A medical emergency might be the last thing on anyone's mind when they're enjoying the fun and fellowship of a religious meeting or convention - until there's a crisis. But if you're prepared in advance, a crisis can be handled quickly and with the greatest chance of a happy outcome for everyone.
Tips for Handling Crises - Evaluate a facility's ability to handle an emergency during your very first contact with the property's representative. Ask if the property has a safety program. Find out what the ratio is of untrained staff to staff trained in CPR, and about the presence of automated external defibrillators (AEDs) and how many of the staff has been trained to use them. Not all facilities have AEDs, but it's worth asking because they have a 90 percent resuscitation rate when the victim receives the shock within a minute of his or her heart stopping. Although there's no central database of AED-equipped venues, Warren, Ohio - based SafeMeetings (www.safemeetings.com) has announced plans to launch one.
- Consider the demographics of your meeting's attendees. What's the age range? Do you have individuals or groups who have made you aware of pre-existing medical conditions and special needs? Will certain circumstances, such as weather or special activities, increase the odds of illnesses or injuries?
- During the site inspection, question the staff. Ask "What should I do if someone is having a heart attack? What number should I call on the house phone if there's a medical emergency?" See if they know the answers. "Catch someone in the hall - housekeeping, maintenance, someone like that," suggests Richard Obertos, founder of SafeMeetings.
- Learn the site-specific number that operates the property's emergency response. Every venue has a different number, and it's not necessarily 911.
Note: Many cellphones do not work with Enhanced 911 systems. Attempting to call 911 on a cellphone will not allow the call recipient to identify the caller's location, or emergency personnel may arrive with few people at the facility being aware that they have been called.
- Begin communicating with attendees about emergency preparedness with the pre-meeting information. Send a separate e-mail on the subject. At every opportunity, make attendees aware of the facility's emergency number, whether AEDs are available, and where local hospitals are located. Printed emergency information should be put in a stand-alone piece rather than burying it in a letter or brochure.
- Designate a medical emergency response team leader and a support staff. The team leader should be in close contact with a meetings-specific specialist for ongoing support and quality assurance. Consider training your staff members with the Heart Saver course, CPR, and AED instruction so that they can recognize and address medical emergencies when they arise. Designate specific people to manage the needs of people who have become ill or injured, such as communicating with family members and making transportation arrangements for them.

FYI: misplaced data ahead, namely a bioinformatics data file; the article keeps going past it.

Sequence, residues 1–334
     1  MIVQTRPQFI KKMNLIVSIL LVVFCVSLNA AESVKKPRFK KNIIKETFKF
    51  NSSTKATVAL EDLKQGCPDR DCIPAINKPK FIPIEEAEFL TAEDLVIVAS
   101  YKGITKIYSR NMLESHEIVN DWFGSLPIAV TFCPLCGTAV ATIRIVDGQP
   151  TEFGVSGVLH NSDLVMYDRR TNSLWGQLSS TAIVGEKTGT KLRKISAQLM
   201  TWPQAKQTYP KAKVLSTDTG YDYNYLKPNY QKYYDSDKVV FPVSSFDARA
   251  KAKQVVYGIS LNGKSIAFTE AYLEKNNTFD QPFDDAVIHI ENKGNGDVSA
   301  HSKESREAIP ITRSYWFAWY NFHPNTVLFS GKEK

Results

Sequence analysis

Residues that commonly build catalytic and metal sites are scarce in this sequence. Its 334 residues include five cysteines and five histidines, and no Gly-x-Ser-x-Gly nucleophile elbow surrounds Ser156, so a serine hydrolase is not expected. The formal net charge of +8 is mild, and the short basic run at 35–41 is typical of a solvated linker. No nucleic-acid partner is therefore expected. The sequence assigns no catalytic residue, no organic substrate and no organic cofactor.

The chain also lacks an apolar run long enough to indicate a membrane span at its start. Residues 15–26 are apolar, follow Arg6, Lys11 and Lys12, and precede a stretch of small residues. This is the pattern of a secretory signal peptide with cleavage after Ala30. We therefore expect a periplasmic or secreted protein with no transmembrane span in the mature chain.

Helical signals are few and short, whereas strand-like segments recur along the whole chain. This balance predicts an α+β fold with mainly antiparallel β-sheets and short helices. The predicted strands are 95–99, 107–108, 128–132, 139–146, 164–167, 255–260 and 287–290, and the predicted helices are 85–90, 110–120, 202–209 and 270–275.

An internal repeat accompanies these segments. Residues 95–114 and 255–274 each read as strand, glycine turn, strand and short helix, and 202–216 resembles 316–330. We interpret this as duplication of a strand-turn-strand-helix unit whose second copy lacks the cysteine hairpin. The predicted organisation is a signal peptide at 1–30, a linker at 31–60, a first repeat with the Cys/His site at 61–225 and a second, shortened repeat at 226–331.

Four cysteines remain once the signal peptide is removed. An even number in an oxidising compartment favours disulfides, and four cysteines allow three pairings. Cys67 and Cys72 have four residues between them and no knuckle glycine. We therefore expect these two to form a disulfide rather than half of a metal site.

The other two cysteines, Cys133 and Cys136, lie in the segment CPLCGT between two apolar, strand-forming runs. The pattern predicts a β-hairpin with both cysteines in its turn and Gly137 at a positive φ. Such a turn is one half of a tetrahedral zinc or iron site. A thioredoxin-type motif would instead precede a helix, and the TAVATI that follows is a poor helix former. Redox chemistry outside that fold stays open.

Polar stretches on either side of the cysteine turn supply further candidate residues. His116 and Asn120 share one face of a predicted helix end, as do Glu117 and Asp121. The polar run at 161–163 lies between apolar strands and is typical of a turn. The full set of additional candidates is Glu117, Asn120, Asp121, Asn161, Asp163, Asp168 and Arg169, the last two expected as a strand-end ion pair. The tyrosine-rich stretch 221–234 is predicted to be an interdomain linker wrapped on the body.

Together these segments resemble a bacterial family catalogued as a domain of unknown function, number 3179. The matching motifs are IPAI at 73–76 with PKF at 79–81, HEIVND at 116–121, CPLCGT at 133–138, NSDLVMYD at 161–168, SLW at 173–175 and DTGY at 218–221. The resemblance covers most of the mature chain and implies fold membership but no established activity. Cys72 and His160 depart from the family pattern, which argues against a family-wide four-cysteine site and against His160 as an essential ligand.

- Consult with risk management, legal, and insurance specialists. "Disclosure is the best policy," advises attorney Jed R. Mandel, who is a partner in the Chicago-based law firm of Neal, Gerber & Eisenberg, a columnist for this magazine, and aat the 2001 RCMA Conference.
- "Simply disclosing where the nearest hospital is or whether a doctor is on call goes a long way in being reasonably prudent," he says. Typically, the meeting organizer is not responsible, but cases are very fact-specific and could potentially make anyone liable. "The timing of a heart attack, for instance, is not in the control of the planner," Mandel points out, "but there are bizarre fact scenarios that sometimes can make the organizer responsible."
When Myra Cook, convention sales manager with the Roanoke (Va.) Valley Convention and Visitors Bureau, felt dizzy at a tutorial session at the RCMA Conference and Exposition in Dallas on February 3, 2000, RCMA staffers not only put their medical emergency plan into fast action - they also added a large dose of caring to help Cook through her crisis.
Feeling "a little bit off," Cook excused herself from the session, apologizing to her teammates for leaving a few minutes early. She was met outside the door by an RCMA staff member, who already had radio in hand. As soon as she informed him of her condition, he immediately called for help. Before Cook knew it, three more RCMA staff members, including RCMA's executive director, came on the scene. They made her comfortable, got her a wheelchair, and escorted her to the medical clinic next door in no time flat. Cook's ailment turned out to be an inner ear inflammation that the doctor told her probably was brought on by the flight to Dallas. "A shot of medicine fixed me right up," Cook says.
According to Cook, the RCMA staff "was right there for me from the minute I said I was feeling dizzy until the doctor was in control. RCMA's quick-thinking staff came up with a wheelchair, secured a doctor, and stayed with me the entire time. Everyone showed me what a wonderful, caring organization RCMA is. They found the people I was with and brought them to the clinic to be with me. They've even called several times since the conference to make sure I was all right. They have just been angels to me.
"I've been at other organizations' meetings where these types of things occurred, and they weren't handled well," Cook says. "But at RCMA, they really took care of me. Attendees at RCMA don't need to worry about what might happen in an emergency. RCMA handled everything professionally, quickly, and with care."